NASA's Cassini spacecraft is now on course to end its 20-year mission by crashing into Saturn on Sept. 15, eliciting emotional tributes from users on various social media platforms.
The spacecraft made its 127th close brush with Titan, one of Saturn's moons, for the last time in April, before setting course for its last set of 22 orbits around the ringed planet before what is called the Cassini Grand Finale.
Say Goodbye To Cassini On Sept. 15
Cassini is the only spacecraft to have ever orbited Saturn, and it spent the previous five months exploring the massive planet and its rings. The spacecraft found that the region between Saturn and its rings are dust-free, a surprising discovery because the rings itself are primarily made up of dust particles.
The data that resulted in the discovery of the dust-free gap between Saturn and its rings is just one of the many tidbits of information that Cassini has sent back to astronomers here on Earth. Now, the spacecraft is gearing up for a crash landing on the planet that it observed so thoroughly, as it flew past Titan one final time for a gravity assist that NASA called a final kiss goodbye.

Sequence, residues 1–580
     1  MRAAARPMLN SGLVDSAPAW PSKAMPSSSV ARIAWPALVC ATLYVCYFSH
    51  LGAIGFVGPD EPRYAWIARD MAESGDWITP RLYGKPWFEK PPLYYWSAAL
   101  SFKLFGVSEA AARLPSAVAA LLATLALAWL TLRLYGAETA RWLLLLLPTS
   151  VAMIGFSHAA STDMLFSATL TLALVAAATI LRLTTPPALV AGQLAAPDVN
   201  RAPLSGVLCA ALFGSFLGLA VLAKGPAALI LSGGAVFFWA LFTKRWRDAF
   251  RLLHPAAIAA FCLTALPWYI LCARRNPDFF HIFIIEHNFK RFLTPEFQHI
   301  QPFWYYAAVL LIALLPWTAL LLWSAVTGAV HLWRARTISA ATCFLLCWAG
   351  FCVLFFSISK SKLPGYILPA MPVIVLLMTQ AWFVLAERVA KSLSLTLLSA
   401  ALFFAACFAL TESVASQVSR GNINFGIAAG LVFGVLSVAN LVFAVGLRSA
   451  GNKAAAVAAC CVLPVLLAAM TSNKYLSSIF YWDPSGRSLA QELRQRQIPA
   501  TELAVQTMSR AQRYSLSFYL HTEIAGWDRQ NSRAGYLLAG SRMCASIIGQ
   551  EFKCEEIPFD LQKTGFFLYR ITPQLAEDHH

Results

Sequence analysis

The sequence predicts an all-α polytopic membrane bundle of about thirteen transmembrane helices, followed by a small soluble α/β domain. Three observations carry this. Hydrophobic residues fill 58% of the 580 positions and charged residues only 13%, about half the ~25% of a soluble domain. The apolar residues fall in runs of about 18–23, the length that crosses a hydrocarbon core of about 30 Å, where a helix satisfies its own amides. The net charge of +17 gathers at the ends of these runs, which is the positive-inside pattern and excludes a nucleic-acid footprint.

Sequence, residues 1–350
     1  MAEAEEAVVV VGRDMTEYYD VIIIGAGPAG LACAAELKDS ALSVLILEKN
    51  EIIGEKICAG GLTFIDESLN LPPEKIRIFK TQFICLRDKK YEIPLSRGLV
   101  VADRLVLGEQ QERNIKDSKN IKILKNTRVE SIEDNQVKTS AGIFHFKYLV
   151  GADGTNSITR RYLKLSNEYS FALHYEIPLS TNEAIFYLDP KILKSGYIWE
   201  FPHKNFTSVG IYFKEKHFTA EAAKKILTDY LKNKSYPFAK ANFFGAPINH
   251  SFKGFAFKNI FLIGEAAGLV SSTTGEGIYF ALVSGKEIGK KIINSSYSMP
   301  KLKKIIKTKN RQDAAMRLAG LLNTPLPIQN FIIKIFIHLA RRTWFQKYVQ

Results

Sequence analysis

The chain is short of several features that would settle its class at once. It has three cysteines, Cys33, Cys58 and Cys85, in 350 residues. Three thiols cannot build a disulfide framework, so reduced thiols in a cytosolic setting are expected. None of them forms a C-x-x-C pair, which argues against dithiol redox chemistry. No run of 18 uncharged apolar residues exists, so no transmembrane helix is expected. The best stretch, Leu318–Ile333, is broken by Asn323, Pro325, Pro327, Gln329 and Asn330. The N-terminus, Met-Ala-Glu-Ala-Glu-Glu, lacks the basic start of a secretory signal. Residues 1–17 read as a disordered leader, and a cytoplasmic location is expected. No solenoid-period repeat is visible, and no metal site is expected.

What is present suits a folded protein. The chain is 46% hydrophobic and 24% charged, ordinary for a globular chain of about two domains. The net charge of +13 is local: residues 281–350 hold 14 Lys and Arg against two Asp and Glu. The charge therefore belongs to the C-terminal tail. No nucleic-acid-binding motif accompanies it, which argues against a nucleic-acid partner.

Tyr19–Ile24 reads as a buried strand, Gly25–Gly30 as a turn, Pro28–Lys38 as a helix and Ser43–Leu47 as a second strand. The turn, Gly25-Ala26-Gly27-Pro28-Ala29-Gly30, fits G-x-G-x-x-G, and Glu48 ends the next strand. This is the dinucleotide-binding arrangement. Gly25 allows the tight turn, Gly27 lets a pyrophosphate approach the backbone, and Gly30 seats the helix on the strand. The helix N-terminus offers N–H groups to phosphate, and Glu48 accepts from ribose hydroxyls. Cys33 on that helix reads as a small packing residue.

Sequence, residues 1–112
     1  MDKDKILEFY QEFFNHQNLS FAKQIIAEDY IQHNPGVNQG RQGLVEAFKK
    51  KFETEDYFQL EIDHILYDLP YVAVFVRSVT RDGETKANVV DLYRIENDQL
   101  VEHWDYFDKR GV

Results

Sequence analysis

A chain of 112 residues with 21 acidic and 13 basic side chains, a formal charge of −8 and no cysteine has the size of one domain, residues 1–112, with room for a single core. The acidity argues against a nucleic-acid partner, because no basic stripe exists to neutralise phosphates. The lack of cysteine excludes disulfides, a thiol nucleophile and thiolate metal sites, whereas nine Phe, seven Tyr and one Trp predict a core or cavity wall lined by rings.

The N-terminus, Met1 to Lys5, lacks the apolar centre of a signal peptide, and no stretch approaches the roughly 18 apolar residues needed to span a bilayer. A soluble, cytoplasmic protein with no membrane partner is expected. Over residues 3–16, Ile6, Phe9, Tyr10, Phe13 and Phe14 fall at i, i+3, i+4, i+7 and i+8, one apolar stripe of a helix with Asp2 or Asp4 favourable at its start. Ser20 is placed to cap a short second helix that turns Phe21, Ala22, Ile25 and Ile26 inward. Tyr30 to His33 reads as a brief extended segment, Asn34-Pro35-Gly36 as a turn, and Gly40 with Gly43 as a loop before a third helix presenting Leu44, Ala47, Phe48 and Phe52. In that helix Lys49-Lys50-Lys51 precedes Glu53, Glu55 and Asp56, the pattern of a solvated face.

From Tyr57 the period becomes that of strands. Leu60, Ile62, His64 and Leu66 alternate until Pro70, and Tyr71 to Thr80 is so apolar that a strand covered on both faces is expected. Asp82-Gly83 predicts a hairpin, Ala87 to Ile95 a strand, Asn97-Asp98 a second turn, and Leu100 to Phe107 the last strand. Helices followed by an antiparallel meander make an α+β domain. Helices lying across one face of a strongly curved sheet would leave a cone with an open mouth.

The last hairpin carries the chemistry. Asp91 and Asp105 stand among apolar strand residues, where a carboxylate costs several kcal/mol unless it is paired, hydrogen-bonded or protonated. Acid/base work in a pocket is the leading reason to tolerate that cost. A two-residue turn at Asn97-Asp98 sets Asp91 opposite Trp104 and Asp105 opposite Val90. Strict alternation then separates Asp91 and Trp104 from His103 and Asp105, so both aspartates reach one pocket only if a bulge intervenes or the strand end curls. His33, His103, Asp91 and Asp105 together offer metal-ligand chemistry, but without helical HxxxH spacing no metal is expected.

Even on its last dive, Cassini will still be doing its job, as it will sample the atmosphere of Saturn and send back data to NASA until it loses control and its signal is lost. At a speed of 76,000 miles per hour, Cassini will melt and vaporize in a moment's notice, forever melding it with Saturn.
"The mission has been insanely, wildly, beautifully successful, and it's coming to an end," said Curt Niebur, a program scientist for NASA. "I find great comfort in the fact that Cassini will continue teaching us up to the very last second."
Why Should Cassini Crash?
If Cassini has done such a great job, why has NASA decided to crash the spacecraft into Saturn?
The point of the Grand Finale is to keep Cassini away from crashing into Saturn's moons, as NASA wants to keep the conditions of Titan and Enceladus pristine for future exploration. Cassini has also accomplished its mission many times over, since it arrived at Saturn in 2004. Its fuel tank is almost empty, and it is simply time to end the $3.9 billion mission.
While the crash of Cassini has been planned for months, the expressions of grief over the upcoming end of the mission are still overflowing.
"This mission is special, and it's making it more difficult to say goodbye because it's lasted so long," said Cornell Center for Astrophysics and Planetary Science Director Jonathan Lunine.